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Aging with Dignity: Cognitive Health: What You Need to Know

When your family member starts to experience cognitive impairments, it can be scary and stressful to know how to react and care for them in an effective way.

Here are some tips to handle this type of situation.

“When a loved one shows signs of forgetfulness, if they aren’t making sense as they used to, or they are neglecting their own care, it can be hard for that person or the family to accept they are suffering from a memory impairment illness,” according to the video. “Usually, the person suffering is the last to know and it can be hard on other family members to understand what’s happening and react appropriately. The illness directly affects one person and indirectly affects many people.”

Be sensitive:

While memory changes can be challenging to deal with in another, they are extremely confusing and frightening for the individual experiencing them.

Before intervening, allow the person with memory issues the chance to “breathe and make mistakes, especially when topics such as anxiety, depression or confusion come into play” according to the video. “Remember that not every person is in touch with their emotions.”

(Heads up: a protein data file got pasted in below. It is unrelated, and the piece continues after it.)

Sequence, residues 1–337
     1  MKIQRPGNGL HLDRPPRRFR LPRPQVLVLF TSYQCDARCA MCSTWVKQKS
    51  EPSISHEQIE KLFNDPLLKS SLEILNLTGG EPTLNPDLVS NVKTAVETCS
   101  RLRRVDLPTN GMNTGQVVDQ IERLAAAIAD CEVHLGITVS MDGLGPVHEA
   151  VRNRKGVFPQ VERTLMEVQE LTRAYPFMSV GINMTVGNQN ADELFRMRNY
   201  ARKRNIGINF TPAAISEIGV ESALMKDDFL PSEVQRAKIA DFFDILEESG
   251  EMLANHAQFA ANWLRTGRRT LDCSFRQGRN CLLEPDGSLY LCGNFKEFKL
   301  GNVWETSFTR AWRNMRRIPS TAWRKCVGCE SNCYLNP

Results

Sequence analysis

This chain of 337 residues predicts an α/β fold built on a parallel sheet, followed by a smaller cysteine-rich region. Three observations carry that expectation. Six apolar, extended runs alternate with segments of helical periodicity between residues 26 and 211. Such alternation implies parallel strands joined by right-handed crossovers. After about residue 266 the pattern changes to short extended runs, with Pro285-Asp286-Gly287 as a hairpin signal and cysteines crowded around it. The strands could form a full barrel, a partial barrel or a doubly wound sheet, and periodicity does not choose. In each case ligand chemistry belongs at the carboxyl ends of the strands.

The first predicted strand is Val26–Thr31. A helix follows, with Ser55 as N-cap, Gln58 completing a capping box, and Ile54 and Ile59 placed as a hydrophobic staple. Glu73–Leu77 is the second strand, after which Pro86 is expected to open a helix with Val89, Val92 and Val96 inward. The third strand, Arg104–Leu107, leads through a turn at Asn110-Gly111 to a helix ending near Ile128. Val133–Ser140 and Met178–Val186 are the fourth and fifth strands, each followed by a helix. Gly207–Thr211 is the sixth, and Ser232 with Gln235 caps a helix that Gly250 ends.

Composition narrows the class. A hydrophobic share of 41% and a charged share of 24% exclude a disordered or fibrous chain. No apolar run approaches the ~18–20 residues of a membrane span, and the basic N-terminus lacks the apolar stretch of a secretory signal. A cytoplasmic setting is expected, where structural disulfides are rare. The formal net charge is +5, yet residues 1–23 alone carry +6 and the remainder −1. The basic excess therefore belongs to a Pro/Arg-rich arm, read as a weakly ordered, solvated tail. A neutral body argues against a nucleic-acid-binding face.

Learn how to adapt:

Try to understand the illness or problems as well as new patterns in your loved one’s behaviors so you can adapt and learn how to best deal with the situation.

Find new ways to communicate with your loved one, don’t just correct him or her and try to retain your previous methods.

Seek professional help:

After your family member is diagnosed, you should explore different care options, including home care and community care.

Speak with people about different services and communities and ask questions about the level of care an organization or business will provide. Be sure to weigh all aspects including services, costs, procedures, staff, etc.

Plan ahead:

Many memory impaired people cannot express their needs or wishes anymore, so it’s always best to plan ahead and have these things documented to eliminate miscommunication and ensure the loved one is still heard.

Maintain respect:

Always remember, even though a person with memory issues may act differently than they used to, they are still a person.

Treat your loved one with dignity, respect and a thoughtful approach, and you will have more successful interactions.

Visit the Neponset River Regional Chamber website for resources that can help in these situations.

Whitney Place Assisted Living and Memory Care at Sharon, a SALMON Health and Retirement community, is a member of the Neponset River Regional Chamber of Commerce and Elder Care Alliance.

SALMON Health and Retirement